How does a bowed instrument work? The core waveform produced by the bow on the strings, due to its slip-and-stick mechanism, is very nearly a perfect sawtooth. But a pure sawtooth wave is almost unpleasantly piercing to our ears. What gives the insturment its tone is the filtering and reverberations produced by the material and shape of its body.
For years people have tried to synthesize this unique and complex sound. Begining with a sawtooth wave, we filter and we subtract, we delay and reverb, and sometimes, we comb. We end up with a sound almost, but not quite, entirely unlike a violin.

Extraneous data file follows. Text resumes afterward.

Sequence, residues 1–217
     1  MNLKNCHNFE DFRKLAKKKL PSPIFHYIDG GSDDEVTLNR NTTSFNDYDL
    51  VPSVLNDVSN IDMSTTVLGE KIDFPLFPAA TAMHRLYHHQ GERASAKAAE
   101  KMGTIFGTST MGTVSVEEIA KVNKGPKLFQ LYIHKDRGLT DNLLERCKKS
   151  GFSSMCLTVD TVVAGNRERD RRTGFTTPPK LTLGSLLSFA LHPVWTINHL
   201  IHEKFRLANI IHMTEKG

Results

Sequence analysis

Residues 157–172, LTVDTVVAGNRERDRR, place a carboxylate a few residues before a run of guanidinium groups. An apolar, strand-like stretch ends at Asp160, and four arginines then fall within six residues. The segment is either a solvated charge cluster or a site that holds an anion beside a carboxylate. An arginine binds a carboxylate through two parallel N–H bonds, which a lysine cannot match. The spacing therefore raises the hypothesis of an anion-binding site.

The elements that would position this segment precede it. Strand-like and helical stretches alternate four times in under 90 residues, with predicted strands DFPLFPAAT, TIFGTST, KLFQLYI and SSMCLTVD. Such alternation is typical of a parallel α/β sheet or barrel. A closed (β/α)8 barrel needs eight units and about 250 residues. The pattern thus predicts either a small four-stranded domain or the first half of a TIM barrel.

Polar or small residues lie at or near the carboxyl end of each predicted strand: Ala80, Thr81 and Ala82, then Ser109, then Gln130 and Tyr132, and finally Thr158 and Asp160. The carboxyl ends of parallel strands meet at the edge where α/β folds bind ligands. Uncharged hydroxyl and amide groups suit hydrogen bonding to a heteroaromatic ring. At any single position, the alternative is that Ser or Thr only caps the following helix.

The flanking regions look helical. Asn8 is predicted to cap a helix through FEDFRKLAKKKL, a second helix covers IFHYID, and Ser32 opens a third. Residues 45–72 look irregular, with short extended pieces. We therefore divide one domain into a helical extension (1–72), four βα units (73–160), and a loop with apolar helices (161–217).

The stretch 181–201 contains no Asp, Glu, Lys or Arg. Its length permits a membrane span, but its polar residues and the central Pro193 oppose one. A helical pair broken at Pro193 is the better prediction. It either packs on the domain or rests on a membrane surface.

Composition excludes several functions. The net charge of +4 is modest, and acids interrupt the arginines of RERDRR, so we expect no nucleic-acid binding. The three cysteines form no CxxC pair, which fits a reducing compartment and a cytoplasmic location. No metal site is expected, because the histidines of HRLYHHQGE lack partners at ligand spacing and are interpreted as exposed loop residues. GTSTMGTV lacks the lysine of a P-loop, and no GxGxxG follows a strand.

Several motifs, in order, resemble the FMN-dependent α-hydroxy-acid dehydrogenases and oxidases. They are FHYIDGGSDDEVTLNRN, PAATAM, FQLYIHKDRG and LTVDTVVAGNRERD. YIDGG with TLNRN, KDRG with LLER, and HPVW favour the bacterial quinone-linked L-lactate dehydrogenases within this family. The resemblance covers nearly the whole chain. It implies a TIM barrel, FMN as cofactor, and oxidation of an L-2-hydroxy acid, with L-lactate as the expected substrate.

So we start with a wave that's very easy to produce, and attempt to mimic the absurdly complex reverberation it undergoes. Hmm.
Here to you today I propose a radical change in the direction of synthesis. Harking back to the days of analogue reverberation units, this does admittedly require most of a viola inside the device. Attached to the bridge of the viola is our namesake transducer. Pumping a sawtooth wave through should* produce the beautiful tone of a viola!
But! -- and this is where the story really starts -- why are we limited now to the humble sawtooth wave? Plug the entire unit into your modular synthesis setup and let the creativity roar.
*From my initial testing, I have concluded that most of the tone and feeling in the viola's timbre is based on expressive amplitude/frequency modulation beyond the reaches of a simple function generator. Undeterred, the experimentation continues...